How are Grouse numbers looking for the Season ahead?
Mark Osborne gives an early insight to how successful this years breeding season has been for the Grouse.
I always hate writing these forecasts, when so much can go wrong between now and 12th August. Late snow on high ground is not unknown, even in early June, and after a generally pretty dry spring, one worries that the deluge will start, and the rain will then not stop. Young Grouse will take quite a lot of inclement weather, but snow kills insects on which young Grouse are totally dependent for the first week or so of their life, and continuous rain chills the chicks, especially when the hen has to leave the nest to feed.
However, apart from these potential (and very real) disasters, we are remarkably optimistic, given the disastrous 2021 Season. That was due to a combination of factors which all came together to create a perfect storm. One of the main ones was the very late Spring, which meant that the heather was in awful condition at the critical time for the hen Grouse going down to lay and also for young chicks coming off insect feed and onto eating nutritious green heather – there was almost none! Surprisingly, the heather last summer quickly and massively improved as the summer wore on (but too late to help the hens or chicks) and as a result, Grouse went into winter in a much better condition than we ever expected. This seems to have set them up very well for the hens going down to lay eggs this Spring, so that we are pretty uniformly and from the Highlands of Scotland down to the Peak District, seeing clutch sizes of between 7-9, and with quite a few 10’s and the odd 11. However, the most amazing site was last weekend on a Moor in Southern Scotland, with 19 eggs in one nest. This could have been two hens laying side by side, but we think that it was probably one hen laying this extraordinary number of eggs.
We started to see chicks around May 5th/6th (early ones) and although it is very difficult to accurately count tiny tiny Grouse chicks, trying to keep up with their mothers, most of the broods seem to be in the 6, 7, 8 size, but with quite a few 9’s, some 10’s and the odd 11. Fertility and hatching therefore seems to have been very good, which again is a reflection on the condition of the hen, but also on the benign recent weather. Being sub-arctic birds, they will take quite a bit of cold, although the chicks undoubtedly do better when daytime temperatures in particular (at night they are under the hen) lift. One of the factors which last year contributed to the very poor condition of hens was the lack of cotton grass. This is a very high quality feed, which Grouse and sheep love (with a white seed head), and this year, having had its rest last year, it seems to have done fantastically well. There has been this white “spread” over the Moors (particularly on wetter Moors) in the North of England and Scotland this Spring.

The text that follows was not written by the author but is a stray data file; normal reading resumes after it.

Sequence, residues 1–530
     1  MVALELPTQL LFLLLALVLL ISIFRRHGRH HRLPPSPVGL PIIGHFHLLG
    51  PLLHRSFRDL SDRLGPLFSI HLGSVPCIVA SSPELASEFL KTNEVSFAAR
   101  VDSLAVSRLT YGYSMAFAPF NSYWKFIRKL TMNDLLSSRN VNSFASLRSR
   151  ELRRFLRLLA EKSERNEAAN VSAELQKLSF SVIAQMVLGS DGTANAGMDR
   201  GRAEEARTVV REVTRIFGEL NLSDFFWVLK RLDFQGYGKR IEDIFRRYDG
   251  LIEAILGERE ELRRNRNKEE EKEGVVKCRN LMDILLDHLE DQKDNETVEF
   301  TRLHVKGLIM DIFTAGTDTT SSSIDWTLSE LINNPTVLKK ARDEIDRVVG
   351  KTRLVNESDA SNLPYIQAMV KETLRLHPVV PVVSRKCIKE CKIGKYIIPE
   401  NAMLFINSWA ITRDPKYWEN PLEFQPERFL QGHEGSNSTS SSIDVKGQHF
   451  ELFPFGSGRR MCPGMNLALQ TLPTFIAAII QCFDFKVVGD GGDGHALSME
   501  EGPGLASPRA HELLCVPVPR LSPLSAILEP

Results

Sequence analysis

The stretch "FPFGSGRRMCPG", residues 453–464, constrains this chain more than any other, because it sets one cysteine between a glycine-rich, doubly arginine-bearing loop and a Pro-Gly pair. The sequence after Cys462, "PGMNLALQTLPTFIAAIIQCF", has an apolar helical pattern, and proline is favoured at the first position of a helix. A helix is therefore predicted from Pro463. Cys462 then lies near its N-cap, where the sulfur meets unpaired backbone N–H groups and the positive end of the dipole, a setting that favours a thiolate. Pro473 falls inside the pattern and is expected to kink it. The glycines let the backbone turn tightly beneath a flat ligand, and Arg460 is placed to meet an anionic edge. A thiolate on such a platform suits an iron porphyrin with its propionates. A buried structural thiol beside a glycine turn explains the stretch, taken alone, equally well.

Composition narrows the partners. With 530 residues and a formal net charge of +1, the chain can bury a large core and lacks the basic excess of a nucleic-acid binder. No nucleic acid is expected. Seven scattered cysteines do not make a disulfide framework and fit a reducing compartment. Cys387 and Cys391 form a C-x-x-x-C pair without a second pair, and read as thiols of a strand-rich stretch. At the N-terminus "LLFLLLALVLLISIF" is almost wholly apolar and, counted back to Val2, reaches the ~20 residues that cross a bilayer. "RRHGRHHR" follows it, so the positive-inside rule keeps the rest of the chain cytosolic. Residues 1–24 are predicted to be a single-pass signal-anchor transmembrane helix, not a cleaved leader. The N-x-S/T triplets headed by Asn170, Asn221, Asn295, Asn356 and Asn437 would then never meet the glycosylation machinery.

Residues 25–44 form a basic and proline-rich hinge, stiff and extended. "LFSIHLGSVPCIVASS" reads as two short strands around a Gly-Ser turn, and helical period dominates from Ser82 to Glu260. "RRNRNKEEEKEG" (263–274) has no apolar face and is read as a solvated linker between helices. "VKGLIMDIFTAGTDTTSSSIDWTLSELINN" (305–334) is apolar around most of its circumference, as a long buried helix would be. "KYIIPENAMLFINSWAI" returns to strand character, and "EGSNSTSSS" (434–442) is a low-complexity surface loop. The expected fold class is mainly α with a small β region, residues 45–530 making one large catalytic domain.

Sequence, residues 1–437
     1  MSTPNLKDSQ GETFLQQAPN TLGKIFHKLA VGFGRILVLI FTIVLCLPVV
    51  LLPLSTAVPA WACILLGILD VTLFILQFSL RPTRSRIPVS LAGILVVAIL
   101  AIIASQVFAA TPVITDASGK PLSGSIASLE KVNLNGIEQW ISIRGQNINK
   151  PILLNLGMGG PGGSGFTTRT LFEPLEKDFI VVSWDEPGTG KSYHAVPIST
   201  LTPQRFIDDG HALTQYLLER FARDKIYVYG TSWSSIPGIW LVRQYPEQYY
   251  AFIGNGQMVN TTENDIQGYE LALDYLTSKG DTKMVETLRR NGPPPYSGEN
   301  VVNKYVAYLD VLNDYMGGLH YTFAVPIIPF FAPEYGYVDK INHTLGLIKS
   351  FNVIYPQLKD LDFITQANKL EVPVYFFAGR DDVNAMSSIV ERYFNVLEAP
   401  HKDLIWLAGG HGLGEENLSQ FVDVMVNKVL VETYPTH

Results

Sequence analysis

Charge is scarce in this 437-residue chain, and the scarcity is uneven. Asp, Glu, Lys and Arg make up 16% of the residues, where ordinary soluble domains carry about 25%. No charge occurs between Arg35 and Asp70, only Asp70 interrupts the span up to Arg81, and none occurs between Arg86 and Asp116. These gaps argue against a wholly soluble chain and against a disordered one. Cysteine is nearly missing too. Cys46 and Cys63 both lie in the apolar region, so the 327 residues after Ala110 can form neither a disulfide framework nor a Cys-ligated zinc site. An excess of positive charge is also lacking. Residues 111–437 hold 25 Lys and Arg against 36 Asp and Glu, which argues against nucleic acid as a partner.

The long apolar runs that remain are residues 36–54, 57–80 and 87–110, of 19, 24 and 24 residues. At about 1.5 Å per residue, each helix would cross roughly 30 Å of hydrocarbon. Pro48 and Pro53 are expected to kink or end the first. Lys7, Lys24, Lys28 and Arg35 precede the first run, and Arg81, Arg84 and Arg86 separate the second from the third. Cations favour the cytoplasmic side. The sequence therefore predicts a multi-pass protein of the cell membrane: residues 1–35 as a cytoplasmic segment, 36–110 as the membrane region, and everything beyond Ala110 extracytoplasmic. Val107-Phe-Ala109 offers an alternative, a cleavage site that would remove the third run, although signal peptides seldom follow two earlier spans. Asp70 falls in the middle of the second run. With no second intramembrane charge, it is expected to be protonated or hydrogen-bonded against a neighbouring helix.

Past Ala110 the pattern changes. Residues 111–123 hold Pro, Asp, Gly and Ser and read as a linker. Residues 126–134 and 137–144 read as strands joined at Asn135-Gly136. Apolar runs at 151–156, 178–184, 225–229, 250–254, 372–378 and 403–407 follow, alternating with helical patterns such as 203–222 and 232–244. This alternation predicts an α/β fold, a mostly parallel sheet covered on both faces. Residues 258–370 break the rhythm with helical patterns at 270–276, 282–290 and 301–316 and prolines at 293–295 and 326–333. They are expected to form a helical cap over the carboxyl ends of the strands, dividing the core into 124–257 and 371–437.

We are therefore surprisingly optimistic for the coming Season. This will not be a bumper one, because generally Grouse stocks were low after a not great 2020 and a disastrous 2021. However, where Moor owners were sensible and did not shoot their small stock last year, this should be a nice recovery year, with the prospect of some good days where there was a stock to breed from. Where there was no stock going into this Spring, then whilst these Moors will have a lift, there will probably not be enough Grouse to justify any shooting, if a goodish stock is to be left. We always need to think ahead for the next Season!
Everything can of course change between now and 12th August, but the prospects so far look better than we might have expected at the beginning of the year. Despite the best of intentions, we do not see many Moors insisting on Grouse being shot with non-toxic cartridges, but that situation will we think significantly change for the 2023 Season.